Finding winter bass, part 2

Why bass move really deep at the first sign of winter and then back up shallower when it gets really cold is something we don’t completely understand. The most likely explanation seems to be that the water is warmer near the surface than it is near the bottom.

At first glance that doesn’t seem to make sense. But if you stop to think about it for a minute you’ll realize it makes perfect sense.

Surface water gets cold because of the air and the wind. The water underneath not so much. Cold water is heavier than warm water. It sinks. Over time the water underneath becomes colder than the surface water. The sun and warm days have no effect on it. They warm the surface but that water doesn’t sink because it’s lighter than the water underneath it.

Baitfish feel this difference and so do the bass. Everything moves up.

Typically you’ll see the fish movement near sharp drops. The bass move away from the flat areas and gravitate towards places where they can go up and down with a minimum of effort. That’s why you catch bass with lures like jerkbaits over channels late in the winter, but earlier in the winter you can’t.

It’s also why you can sometimes catch them in the backs of creeks and other really shallow places, especially if there’s some water flowing in from a creek or a drainage pipe. That water is warmer despite the miserable winter conditions you’re enduring.

And don’t forget about the points. The early winter bass might be way out on them but as the winter wears on a crankbait up shallower might be the ticket.

As a side note you see this phenomenon in reverse during the summer. It might be terrible hot out on the main lake and the water might feel like bathwater but at times you can run way back in a flowing creek and catch them shallow. In that case the water is cooler. It attracts the bass.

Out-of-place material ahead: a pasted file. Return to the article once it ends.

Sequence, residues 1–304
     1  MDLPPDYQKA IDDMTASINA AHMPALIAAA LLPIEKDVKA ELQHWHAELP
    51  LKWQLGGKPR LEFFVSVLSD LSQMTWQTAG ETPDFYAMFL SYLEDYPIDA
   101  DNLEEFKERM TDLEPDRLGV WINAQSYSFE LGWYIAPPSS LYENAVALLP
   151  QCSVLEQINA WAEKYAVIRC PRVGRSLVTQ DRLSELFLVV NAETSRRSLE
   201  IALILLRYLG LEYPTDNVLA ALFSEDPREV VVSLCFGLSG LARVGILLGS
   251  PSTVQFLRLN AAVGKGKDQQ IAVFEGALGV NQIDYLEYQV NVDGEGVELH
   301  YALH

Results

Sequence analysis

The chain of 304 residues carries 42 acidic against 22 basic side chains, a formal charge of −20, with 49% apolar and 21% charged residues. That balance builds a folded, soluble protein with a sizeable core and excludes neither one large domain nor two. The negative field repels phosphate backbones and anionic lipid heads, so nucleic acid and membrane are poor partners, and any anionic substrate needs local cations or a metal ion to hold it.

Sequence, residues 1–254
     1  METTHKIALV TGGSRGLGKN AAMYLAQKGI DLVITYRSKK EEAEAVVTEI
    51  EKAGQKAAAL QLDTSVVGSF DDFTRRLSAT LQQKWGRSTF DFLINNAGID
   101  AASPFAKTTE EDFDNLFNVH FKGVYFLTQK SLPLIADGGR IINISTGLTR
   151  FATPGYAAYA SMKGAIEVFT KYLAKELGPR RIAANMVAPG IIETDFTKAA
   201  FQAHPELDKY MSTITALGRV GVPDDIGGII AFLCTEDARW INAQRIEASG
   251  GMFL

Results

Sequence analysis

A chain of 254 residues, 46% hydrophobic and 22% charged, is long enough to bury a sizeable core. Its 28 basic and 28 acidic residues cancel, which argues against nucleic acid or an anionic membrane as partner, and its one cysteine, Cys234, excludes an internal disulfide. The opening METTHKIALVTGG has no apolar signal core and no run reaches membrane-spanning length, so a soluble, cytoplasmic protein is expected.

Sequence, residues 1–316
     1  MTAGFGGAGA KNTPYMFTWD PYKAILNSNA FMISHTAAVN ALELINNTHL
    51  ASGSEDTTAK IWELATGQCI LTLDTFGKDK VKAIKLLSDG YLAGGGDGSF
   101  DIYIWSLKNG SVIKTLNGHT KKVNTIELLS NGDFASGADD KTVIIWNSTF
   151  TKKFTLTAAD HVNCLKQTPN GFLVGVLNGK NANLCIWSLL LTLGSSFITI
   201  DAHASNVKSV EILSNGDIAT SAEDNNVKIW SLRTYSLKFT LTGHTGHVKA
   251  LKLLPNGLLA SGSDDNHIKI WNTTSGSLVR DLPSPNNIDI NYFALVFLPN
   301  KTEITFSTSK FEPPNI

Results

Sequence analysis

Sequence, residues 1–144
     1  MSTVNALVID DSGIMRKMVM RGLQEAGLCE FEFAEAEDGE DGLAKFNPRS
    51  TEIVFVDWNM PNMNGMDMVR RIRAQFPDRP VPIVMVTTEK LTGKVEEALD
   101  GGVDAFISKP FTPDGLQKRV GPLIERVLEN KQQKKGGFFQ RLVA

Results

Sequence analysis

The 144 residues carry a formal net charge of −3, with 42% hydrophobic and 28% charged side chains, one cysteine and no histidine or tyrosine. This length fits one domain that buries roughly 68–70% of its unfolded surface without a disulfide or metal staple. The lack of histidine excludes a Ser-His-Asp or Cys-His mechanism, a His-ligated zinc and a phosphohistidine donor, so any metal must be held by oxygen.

Now, we need to spend some time on the concept of warmer and colder. In some lakes and reservoirs the difference in temperature between shallow and deep might be pronounced, maybe as much as 5 or 6 degrees. In other places, however, it might not be more than 1 or 2 degrees. Still, that’s enough if it’s all the bass have to work with in their world.

I know it might seem like we’ve wandered around talking about where they might be or should be located. Unfortunately, that’s about all I can say at this point. Winter bass locations are very site specific. You have to know your lake and spend time with your electronics if you’re going to be successful.

Learn how to spot shad on your SONAR unit and how to tell the difference between a dark spot and a fish in the water column. And learn how to mark waypoints and how to return to them another day. True winter and late winter bass don’t move all that far. Once you find them they’re likely to stay put for a while.

In our final segment we’ll talk about how to find those hidden shad bungalows that are full of bass so many guys talk about. Yes, they really do exist.

Editor’s Note: Read Part 3